Elements of Choice


The shortlist for the Choice Music Prize for the best Irish album of 2009 was announced on Wednesday afternoon. Tony Clayton-Lea casts an eye over the list and, below, readers give their views

INSTEAD of using sales or airplay as criteria, the Choice Music Prize judging panel focuses, pure and simple, on the music. Inaugurated in 2005 by Dave Reid and Irish Timesmusic critic Jim Carroll, the Choice Music Prize is regarded as untainted by sponsorship or commerce. Since it was established, it has – bar a few bun fights and strong words – highlighted Irish albums that the judging panel, in their wisdom, regards as being the best in Irish music in the given year.

The winning act will receive a tasty financial bonanza of €10,000, provided by the Irish Music Rights Organisation (Imro) and the Irish Recorded Music Association (Irma). The winning act will also receive a specially commissioned award, courtesy of the Recorded Artists and Performers Ltd (Raap).

The overall Album of the Year will be selected by the judging panel at the Choice Music Prize live event at Vicar St, Dublin, on Wednesday, March 3rd. The event will also be broadcast live in a special Paul McLoone Showon Today FM. Tickets for the Choice Music Prize live event will go on sale from all Ticketmaster outlets on Monday, January 18th priced €27.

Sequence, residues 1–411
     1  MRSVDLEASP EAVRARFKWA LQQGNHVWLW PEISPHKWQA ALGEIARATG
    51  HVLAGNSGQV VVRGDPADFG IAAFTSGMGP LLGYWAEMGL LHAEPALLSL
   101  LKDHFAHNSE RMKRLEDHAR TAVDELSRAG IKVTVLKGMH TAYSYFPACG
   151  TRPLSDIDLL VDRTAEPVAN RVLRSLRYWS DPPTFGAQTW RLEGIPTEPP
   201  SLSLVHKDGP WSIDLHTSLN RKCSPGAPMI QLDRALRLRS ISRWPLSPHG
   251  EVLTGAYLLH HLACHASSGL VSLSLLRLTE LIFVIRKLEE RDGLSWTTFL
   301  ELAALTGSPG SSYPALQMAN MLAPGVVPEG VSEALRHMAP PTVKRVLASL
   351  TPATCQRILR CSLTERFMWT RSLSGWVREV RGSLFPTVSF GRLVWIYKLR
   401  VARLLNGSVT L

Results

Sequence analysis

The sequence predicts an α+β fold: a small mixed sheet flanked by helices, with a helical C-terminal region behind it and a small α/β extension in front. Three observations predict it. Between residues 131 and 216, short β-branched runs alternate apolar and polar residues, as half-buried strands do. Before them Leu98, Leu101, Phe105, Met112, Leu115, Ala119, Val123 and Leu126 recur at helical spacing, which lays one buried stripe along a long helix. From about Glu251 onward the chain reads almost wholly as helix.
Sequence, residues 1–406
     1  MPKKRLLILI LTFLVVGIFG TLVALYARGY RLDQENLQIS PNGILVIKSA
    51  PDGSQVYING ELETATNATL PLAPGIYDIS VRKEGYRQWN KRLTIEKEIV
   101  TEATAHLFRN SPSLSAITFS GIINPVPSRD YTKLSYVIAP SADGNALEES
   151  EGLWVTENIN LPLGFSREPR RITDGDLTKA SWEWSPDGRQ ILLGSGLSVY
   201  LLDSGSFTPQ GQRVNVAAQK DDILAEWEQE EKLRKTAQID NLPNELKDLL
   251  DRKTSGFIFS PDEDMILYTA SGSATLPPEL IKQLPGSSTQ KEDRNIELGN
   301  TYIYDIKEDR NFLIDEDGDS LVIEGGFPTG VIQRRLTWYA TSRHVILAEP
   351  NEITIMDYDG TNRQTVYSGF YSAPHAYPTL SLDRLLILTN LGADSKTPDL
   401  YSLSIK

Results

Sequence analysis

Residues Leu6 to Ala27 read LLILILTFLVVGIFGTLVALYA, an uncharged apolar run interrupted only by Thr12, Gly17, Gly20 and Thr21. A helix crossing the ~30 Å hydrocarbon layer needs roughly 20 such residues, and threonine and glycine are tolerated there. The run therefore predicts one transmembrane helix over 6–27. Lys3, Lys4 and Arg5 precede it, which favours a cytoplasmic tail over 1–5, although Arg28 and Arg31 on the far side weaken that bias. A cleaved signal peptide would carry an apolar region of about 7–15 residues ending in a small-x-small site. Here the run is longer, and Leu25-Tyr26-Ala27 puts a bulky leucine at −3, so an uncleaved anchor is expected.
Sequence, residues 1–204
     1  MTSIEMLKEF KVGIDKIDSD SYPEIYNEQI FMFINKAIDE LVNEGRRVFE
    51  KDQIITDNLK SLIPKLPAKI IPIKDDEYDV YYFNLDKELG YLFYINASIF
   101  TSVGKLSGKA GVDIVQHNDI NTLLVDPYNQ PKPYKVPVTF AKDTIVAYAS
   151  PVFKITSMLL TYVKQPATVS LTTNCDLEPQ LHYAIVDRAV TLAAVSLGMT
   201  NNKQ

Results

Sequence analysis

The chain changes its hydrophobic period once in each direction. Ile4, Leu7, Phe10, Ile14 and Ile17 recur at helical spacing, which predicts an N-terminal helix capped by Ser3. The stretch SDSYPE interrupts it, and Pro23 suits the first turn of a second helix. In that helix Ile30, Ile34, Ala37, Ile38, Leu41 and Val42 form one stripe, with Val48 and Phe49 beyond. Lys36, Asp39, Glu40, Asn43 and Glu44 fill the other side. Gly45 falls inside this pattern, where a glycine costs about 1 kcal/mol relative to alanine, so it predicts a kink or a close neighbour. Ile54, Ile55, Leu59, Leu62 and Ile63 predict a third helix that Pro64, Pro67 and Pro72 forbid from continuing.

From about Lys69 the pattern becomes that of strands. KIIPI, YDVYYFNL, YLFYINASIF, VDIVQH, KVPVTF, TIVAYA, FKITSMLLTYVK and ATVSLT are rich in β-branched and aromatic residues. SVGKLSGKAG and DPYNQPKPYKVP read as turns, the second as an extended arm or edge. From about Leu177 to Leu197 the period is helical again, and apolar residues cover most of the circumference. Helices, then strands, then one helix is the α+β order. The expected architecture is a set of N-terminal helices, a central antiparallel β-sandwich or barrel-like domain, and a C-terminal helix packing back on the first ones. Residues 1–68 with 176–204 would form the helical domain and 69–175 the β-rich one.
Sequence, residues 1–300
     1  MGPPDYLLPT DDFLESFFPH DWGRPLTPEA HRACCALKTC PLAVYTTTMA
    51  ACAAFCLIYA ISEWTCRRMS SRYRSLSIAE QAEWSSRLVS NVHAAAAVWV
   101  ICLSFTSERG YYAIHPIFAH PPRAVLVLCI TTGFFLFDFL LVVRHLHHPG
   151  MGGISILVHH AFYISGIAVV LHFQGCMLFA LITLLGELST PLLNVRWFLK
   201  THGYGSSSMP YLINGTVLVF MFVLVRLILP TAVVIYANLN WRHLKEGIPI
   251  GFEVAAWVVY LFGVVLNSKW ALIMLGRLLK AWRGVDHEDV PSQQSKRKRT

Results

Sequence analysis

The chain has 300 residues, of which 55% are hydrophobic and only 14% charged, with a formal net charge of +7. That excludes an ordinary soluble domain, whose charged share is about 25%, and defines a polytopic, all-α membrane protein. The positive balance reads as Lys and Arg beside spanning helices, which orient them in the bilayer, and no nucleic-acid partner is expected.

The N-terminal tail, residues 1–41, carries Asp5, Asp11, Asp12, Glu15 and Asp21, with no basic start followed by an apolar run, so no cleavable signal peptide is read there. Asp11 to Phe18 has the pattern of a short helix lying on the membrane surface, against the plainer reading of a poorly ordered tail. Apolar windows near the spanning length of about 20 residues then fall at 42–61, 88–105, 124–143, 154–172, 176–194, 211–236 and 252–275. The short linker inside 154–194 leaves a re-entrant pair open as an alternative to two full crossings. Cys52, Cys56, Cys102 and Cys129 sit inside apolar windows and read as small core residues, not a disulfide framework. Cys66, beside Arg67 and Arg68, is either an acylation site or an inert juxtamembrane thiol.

Season of the Sparks

Singer-songwriter Crowley has been on the shortlist before (Choice Music Prize for Best Irish Album 2007 for Long Distance Swimmer), and it’s no surprise at all that he makes it again. Crowley’s thing is quiet intensity wrapped up in a shawl of tightly knit threads and themes. A definite contender for first place.



Blue Lights on the Runway

Previously shortlisted for Choice Music Prize for Best Irish Album 2005 (for Flock), they received stick from various quarters for some of this album being overtly influenced by Talking Heads, but good songs are good songs, no? They won’t win, by the way. www.bellx1.com


Let The Truth Be Told

Izibor’s album is probably the oldest on the shortlist, having been scheduled for release by a couple of major labels since 2007. That said, it’s a pleasure to see this on the shortlist, as it’s a collection of super smart commercial soul/pop from an artist tailor-made for international success. Could this be the surprise win? www.lauraizibor.com


We Love You Dark Matter